Background: Many options are available for palliation of inoperable malignant stenoses of the esophagus. We report our experience with different modalities of endoscopic therapy.
Methods: From 1986 to 1996, we treated 125 patients with dysphagia caused by unresectable malignant tumors with endoscopic therapy. Seventy patients were treated with laser therapy, 34 with a plastic endoprosthesis, and 21 with an expandable prosthesis. Therapeutic outcome and complication rates were analyzed for the three groups.
Results: Mean dysphagia score decreased in the same manner in all three groups. Major and minor complications were significantly more common in the plastic endoprosthesis group and in the metallic stent group compared with the laser therapy group. Therapy and patient survival were not significantly different among the three groups.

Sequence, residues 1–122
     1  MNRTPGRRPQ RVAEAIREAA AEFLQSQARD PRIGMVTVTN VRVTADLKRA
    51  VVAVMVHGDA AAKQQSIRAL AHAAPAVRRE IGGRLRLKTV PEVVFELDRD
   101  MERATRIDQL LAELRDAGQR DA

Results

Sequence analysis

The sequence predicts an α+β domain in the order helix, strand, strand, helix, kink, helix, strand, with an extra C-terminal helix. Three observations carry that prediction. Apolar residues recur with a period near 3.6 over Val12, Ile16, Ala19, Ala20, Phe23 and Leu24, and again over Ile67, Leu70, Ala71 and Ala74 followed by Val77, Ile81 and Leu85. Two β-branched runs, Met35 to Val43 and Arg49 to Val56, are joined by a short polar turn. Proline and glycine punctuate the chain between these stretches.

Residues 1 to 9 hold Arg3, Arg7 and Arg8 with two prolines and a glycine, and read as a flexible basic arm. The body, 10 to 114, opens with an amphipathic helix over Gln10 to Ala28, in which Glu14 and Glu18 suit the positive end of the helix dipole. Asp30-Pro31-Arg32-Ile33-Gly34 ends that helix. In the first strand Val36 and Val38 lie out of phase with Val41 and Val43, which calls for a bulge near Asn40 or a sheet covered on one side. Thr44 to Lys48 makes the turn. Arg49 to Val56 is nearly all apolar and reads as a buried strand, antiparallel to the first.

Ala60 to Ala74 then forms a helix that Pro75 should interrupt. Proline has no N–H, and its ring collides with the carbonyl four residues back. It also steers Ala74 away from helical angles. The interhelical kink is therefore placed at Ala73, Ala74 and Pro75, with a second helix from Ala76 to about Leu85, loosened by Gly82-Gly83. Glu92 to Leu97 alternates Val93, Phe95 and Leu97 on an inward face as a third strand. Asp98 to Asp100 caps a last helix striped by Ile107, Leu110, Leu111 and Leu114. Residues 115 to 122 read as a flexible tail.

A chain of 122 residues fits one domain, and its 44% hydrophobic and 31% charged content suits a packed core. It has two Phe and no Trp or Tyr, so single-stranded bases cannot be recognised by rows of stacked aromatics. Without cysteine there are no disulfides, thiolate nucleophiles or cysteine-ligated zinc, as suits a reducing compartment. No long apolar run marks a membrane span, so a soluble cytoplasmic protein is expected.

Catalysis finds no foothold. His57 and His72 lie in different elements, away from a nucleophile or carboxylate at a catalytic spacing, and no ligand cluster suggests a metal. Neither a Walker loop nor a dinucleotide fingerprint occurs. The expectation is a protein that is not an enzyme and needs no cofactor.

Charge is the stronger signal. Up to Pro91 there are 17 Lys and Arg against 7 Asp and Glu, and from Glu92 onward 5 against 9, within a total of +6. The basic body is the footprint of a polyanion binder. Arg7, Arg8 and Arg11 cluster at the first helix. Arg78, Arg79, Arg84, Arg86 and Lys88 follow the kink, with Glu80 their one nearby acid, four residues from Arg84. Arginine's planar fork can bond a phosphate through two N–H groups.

Conclusions: Plastic and metal stents carry a high complication rate for a short period of palliation. Endoscopic laser therapy, in contrast, has a low complication rate. Laser therapy should be the first choice for palliation in malignant dysphagia in patients with a short life expectancy. Stents might be used when laser therapy fails, in the presence of fistulas, or in patients with a reasonable life expectancy.